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Changes in platelet function with inflammation in patients undergoing vascular surgery

Changes in platelet function with inflammation in patients undergoing vascular surgery
Changes in platelet function with inflammation in patients undergoing vascular surgery
The role of platelets in ischaemic events is well established. Aspirin represents the default antiplatelet and blocks the metabolism of arachidonic acid (AA) at the cyclo-oxygenase enzyme (COX). AA is commonly used as a test of response to aspirin, but recent data raise uncertainty about the validity of this approach. Specifically, in some patients AA-induced clotting is not suppressed, but the level of COX-dependent AA metabolite, thromboxane B2 (TXB2) is negligible. Furthermore, AA-induced whole blood clotting varies dynamically in individuals, who are aspirin responsive according to TXB2 levels. The aim of this study was to assess the level of AA-, ADP- and thrombin-mediated platelet reactivity in patients on aspirin before, during, and after major vascular surgery, which represents a model of on/off vascular inflammation. Firstly, we hypothesised, that in association with this inflammatory episode AA-, ADP- and thrombin-induced clotting would change in a dynamic manner. Secondly, that AA-induced clotting will be modified despite complete suppression of platelet TXB2 production by aspirin throughout the periprocedural period, possibly via a lipoxygenase-mediated mechanism. Fourty patients underwent major vascular surgery (open abdominal aortic aneurysm operation, infrainguinal bypass for subcritical limb ischaemia or peripheral aneurysm repair with bypass). They were all on 75 mg of aspirin prior to and throughout the perioperative period and received 5000 units of unfractionated heparin intraoperatively. AA-, ADP- and thrombin- induced clotting, AA metabolites (TXB2 and 12-Hyroxyeicosatetraenoic acid (12- HETE)) and inflammatory markers (CRP, IL-6, TNF-α and CD40) were measured preprocedure and at 2, 24, 48 hours, 3 to 5 days and 3 months after surgery. AA-, ADP- and thrombin- induced platelet reactivity was assessed using thrombelastography. TxB2, 12- HETE, IL-6, TNF-α, CD40 were determined using the sequential competitive binding Enzyme-Linked ImmunoAssay technique and CRP was determined using an immune-turbidimetric test on human serum. There was a transient rise in inflammatory markers in the early perioperative period (CRP at 24, 48 hours and 3 to 5 days p<0.001 and IL-6 at 2, 24, 48 hours and 3 to 5 days p<0.001 as compared to baseline). Patients had negligible levels of TxB throughout, confirming a consistent therapeutic response to aspirin. There was a transient rise in thrombin-mediated clotting (MAThrombin at 48 hours p=0.001 and 3 to 5 days p<0.001) and a fall in AA- and ADP-induced clotting in the early post op period (both MAAA and MAADP p=0.001 at 2 hours). At 3 months, the level of AA- and ADP-induced clotting was significantly higher than at baseline (p=0.008 for MAAA and p=0.002 for MAADP), hence demonstrating a rebound effect.  These data demonstrate a novel dynamic variation in platelet aggregation with acute vascular inflammation, including AA-induced whole blood clotting which is apparently COX-1 independent.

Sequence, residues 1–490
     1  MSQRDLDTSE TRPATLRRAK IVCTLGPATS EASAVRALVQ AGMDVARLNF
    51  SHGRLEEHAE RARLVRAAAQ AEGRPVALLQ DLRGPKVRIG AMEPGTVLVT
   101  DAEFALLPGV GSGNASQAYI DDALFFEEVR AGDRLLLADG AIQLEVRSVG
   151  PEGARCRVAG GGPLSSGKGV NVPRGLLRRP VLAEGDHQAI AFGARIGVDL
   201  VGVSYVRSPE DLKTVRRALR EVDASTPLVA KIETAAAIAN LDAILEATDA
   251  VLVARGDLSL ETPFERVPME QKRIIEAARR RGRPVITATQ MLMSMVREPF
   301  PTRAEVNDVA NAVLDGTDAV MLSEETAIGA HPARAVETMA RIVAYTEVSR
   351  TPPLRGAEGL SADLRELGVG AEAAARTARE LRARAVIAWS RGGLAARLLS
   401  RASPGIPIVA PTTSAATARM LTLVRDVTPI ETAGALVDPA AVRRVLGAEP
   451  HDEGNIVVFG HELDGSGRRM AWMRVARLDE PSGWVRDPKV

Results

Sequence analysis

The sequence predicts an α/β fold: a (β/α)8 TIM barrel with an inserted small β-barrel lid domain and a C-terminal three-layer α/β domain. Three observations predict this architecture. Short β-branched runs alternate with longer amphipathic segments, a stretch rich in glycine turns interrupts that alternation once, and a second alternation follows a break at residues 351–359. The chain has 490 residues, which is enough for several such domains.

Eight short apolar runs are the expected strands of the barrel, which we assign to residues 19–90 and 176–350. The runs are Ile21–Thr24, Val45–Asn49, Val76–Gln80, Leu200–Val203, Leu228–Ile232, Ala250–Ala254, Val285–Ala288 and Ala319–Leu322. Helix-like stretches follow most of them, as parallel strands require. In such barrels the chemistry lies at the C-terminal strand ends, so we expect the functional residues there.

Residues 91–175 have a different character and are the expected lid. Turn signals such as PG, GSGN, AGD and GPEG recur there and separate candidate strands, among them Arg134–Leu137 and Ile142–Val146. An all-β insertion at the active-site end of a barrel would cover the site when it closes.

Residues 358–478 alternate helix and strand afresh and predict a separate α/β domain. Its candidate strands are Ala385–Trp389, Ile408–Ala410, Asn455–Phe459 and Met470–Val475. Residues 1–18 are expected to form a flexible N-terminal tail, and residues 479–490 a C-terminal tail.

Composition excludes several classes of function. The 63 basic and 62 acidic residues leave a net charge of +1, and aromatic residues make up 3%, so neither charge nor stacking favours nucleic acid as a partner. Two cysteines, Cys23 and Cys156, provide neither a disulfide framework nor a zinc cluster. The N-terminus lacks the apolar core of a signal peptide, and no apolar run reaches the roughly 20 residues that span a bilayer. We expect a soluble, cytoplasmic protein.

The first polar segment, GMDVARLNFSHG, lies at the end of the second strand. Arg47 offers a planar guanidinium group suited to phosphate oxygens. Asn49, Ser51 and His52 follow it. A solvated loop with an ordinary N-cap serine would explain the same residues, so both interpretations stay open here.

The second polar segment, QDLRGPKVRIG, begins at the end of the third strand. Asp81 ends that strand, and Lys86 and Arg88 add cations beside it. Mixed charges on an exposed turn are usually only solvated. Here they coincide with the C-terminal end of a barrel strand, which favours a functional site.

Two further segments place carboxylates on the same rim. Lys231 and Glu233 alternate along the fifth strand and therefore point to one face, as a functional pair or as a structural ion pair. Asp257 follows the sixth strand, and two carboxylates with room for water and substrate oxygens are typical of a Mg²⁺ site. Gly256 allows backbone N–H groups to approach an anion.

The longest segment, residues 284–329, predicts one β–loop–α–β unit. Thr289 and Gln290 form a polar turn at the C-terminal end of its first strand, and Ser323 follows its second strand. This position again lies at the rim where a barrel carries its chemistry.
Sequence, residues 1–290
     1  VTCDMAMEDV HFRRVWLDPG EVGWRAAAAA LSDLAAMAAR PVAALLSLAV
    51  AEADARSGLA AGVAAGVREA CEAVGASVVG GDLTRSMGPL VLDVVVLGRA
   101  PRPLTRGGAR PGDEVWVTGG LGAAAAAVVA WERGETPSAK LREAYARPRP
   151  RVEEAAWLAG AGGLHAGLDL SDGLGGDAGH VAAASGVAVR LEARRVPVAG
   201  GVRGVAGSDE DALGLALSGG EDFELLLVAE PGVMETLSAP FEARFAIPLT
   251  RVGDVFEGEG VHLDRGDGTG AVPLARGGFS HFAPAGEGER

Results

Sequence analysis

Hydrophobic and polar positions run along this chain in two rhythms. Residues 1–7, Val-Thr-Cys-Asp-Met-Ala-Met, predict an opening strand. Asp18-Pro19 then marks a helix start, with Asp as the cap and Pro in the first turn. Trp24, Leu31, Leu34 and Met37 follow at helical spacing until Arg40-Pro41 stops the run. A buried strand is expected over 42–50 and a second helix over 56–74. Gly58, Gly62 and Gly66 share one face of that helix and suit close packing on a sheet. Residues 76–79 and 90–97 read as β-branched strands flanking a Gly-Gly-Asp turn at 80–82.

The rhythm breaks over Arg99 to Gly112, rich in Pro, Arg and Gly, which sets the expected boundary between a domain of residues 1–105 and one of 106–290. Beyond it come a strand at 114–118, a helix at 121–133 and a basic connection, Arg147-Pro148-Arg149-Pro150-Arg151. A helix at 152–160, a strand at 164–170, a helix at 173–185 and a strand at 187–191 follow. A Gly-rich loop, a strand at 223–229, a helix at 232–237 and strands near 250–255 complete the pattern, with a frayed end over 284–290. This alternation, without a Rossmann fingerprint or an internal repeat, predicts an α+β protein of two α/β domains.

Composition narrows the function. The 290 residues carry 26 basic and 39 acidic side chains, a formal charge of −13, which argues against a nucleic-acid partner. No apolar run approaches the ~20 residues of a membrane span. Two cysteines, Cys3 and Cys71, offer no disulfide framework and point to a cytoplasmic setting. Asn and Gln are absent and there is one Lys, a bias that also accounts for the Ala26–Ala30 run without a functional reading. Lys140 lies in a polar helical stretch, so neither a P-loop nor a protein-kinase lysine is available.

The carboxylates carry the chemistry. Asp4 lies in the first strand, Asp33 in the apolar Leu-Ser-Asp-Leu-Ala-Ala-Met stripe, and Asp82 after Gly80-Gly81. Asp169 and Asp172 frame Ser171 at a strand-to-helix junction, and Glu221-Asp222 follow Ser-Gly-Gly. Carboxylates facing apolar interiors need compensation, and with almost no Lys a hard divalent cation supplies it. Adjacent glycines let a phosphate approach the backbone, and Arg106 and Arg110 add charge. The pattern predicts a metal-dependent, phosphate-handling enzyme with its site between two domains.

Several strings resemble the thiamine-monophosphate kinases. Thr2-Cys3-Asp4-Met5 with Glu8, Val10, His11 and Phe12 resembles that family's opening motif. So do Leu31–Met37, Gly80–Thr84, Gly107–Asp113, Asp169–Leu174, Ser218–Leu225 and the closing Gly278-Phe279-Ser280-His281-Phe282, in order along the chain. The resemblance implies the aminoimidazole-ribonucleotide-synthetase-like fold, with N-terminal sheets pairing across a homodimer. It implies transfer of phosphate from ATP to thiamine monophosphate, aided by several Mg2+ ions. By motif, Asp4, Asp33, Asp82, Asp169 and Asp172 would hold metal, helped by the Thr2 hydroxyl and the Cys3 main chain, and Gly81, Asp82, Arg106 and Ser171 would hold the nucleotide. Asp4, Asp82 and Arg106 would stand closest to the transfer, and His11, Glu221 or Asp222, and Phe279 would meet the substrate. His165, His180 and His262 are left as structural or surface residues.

0953-7104
190-198
Olechowski, Bartosz
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Khanna, Vikram
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Mariathas, Mark
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Ashby, Alexander
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Dalton, Richard T.
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Nordon, Ian
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Englyst, Nicola
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Harris, Scott
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Nicholas, Zoe
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Thayalasamy, Kala
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Mahmoudi, Michael
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Curzen, Nicholas
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Olechowski, Bartosz
b025b40b-f9fa-4b8e-8f57-310d47e57700
Khanna, Vikram
17b557ad-b071-4d1a-84dd-3ba58470cee0
Mariathas, Mark
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Ashby, Alexander
f403fd28-7991-4d70-96c5-9dccdf339e32
Dalton, Richard T.
22502b2a-837e-44b0-ab88-17804a1cb995
Nordon, Ian
6745d713-4f2d-4fdd-ab99-0c95bb053e91
Englyst, Nicola
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Harris, Scott
19ea097b-df15-4f0f-be19-8ac42c190028
Nicholas, Zoe
98403583-c418-45ad-836b-1831517dcc5f
Thayalasamy, Kala